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The wedding would go on no matter what! At the time I don’t really know if both myself and Richard thought that mum really would die.

Mums health continued to decline and early July I turned 30. In our family, birthdays are a big deal and mum usually went all out and did a huge lunch with lots of presents and the most extravagant cake (one year she made me a bomb Alaska and we had to get an industrial size blow torch to light the bloody thing). My 30th birthday wasn’t like normal. My step twin brother (he’s my step brother but we are about two months apart in age) and I cooked the dinner while mum looked on, she could barely eat her meal or sit at the table.

She tried so bloody hard and I am so proud of her for that. She never, ever wanted to leave her children and she did all that she could to make our adult lives normal.

Two days later mum went to hospital – we all knew things were bad but I don’t know if we knew she wouldn’t come home. A week before mum lost consciousness, my sister and I juggled children so that one of us could see her Saturday and the other Sunday. That Sunday would be the last Sunday my mum was my mum. We discussed trivial wedding details like seating plans and my sisters’ dresses. Mum still didn’t have a dress but she assured me her oncologist was doing everything he could to get her to the wedding in three weeks.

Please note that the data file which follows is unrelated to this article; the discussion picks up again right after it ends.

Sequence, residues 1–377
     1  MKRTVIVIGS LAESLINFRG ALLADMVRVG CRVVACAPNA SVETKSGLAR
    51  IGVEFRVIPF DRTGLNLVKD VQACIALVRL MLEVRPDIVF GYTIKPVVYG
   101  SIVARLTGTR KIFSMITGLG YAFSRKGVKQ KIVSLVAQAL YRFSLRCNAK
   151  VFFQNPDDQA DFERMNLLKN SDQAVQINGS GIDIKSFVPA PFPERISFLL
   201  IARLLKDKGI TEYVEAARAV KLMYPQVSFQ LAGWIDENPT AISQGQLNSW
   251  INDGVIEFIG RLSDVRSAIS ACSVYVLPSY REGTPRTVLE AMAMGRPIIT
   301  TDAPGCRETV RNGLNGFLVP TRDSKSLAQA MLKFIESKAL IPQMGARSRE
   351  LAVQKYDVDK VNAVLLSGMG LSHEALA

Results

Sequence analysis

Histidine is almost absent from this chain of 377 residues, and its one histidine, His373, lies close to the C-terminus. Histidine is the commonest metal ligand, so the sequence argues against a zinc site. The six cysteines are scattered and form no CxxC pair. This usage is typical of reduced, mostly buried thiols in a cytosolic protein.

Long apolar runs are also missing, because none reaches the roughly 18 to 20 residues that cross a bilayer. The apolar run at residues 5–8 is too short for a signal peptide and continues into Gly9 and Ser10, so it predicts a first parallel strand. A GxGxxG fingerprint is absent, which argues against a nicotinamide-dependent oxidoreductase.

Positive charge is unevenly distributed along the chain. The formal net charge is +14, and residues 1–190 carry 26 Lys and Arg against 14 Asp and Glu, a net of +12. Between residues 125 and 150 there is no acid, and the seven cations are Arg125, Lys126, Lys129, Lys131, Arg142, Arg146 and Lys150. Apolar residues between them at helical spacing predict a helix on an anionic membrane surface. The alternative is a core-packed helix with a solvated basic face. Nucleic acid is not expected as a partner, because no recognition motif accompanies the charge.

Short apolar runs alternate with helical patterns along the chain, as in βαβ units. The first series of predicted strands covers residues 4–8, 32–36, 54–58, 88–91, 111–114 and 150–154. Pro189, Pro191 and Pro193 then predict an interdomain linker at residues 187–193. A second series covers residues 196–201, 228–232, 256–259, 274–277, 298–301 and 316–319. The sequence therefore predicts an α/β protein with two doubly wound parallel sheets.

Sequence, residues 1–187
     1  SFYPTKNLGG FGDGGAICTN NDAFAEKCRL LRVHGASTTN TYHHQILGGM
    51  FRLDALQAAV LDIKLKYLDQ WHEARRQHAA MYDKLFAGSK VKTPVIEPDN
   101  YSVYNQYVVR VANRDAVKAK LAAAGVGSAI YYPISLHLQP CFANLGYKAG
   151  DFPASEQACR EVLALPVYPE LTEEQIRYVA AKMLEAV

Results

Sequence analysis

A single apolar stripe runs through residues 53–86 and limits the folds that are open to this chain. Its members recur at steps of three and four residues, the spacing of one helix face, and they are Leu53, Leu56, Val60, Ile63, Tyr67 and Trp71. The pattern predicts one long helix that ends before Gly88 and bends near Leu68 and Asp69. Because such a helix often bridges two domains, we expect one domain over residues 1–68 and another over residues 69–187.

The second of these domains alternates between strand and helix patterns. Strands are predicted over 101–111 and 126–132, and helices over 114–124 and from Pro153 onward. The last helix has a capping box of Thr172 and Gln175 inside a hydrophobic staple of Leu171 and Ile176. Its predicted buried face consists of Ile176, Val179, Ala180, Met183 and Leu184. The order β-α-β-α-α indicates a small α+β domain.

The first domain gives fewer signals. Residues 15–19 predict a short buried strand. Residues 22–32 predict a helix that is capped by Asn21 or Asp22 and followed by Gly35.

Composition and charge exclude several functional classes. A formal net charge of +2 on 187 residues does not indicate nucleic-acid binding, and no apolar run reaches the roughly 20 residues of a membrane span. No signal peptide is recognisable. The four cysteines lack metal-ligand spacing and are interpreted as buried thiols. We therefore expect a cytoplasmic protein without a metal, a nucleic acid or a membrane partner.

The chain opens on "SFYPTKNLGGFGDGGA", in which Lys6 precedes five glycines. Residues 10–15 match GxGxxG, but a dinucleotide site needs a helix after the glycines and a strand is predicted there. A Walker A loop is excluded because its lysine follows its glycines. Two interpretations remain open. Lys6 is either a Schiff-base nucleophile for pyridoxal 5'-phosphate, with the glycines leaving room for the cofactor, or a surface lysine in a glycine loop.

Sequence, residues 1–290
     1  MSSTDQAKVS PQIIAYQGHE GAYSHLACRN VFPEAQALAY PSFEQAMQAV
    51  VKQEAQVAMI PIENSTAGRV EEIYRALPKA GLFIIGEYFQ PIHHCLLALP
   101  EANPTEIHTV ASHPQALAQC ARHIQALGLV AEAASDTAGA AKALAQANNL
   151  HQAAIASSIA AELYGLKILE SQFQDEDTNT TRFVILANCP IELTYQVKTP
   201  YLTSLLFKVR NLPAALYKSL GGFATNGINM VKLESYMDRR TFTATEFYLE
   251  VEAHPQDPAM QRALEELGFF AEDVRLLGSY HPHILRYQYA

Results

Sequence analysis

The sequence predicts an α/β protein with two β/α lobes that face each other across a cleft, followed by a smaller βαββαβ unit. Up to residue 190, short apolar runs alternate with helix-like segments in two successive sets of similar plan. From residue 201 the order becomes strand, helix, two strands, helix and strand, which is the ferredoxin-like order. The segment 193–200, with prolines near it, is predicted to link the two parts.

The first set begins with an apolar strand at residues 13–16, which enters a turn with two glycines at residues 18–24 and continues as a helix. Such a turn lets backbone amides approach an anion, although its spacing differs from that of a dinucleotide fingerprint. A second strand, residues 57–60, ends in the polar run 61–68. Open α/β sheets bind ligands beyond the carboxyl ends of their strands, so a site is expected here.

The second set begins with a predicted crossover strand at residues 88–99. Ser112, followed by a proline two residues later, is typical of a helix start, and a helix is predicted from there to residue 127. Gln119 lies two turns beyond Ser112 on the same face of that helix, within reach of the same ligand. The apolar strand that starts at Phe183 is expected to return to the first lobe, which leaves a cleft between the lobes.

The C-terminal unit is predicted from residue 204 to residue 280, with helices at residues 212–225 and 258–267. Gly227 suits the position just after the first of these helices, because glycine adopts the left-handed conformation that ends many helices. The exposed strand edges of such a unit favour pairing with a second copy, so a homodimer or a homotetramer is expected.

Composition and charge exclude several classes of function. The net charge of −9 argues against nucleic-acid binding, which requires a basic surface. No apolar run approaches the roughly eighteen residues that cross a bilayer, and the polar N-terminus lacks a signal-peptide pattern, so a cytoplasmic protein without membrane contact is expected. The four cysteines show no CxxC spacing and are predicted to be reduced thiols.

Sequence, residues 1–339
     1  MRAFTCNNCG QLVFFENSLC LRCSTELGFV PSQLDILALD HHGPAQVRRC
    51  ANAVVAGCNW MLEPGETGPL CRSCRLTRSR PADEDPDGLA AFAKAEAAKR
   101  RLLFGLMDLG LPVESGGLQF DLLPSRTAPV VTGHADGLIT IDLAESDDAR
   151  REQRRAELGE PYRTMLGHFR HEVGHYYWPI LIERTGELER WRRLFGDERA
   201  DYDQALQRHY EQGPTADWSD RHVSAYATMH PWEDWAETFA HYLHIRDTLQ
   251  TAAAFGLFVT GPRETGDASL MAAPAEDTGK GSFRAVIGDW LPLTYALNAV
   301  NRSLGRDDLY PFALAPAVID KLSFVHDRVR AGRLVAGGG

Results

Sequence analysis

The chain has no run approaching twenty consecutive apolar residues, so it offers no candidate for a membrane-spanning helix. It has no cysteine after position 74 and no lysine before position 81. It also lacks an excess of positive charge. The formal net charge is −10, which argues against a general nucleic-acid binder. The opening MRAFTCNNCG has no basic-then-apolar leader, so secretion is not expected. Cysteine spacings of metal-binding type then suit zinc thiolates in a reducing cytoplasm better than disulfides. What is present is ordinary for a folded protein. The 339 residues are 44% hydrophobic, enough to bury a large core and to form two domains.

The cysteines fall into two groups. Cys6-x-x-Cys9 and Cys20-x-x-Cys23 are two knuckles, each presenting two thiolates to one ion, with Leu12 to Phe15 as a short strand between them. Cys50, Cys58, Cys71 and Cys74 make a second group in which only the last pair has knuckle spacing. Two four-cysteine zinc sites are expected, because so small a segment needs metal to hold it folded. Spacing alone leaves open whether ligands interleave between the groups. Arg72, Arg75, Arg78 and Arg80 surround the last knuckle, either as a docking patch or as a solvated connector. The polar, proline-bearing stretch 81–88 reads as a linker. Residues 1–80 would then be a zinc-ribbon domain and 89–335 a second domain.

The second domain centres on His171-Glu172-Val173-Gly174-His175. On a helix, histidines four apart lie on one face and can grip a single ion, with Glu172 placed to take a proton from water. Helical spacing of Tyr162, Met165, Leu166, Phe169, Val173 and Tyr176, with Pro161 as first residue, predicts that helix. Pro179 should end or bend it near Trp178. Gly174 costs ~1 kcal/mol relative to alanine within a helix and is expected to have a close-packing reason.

After a good three hours of wedding talk and a cup of tea with lemon meringue tart, I kissed my mum goodbye and went back home to get ready for work that week.

Emily's Mum. Image: Supplied.

That Wednesday, my dad called all seven children and told us it was time to come to the hospital. One by one we arrived and we spent the next five days holed up in a hospital room laughing, crying, silent and sometimes very loud. It was the weirdest five days of my life but it was also beautiful in so many ways.

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Every nurse or doctor who saw my mum during this week would ask which one was the one getting married and every time I would put my hand up and they would look at me with such sadness. They'd say 'your mum was so excited about the wedding, she talked about it all the time.' Here I was in a hospital two weeks before my wedding, planning my mum's funeral.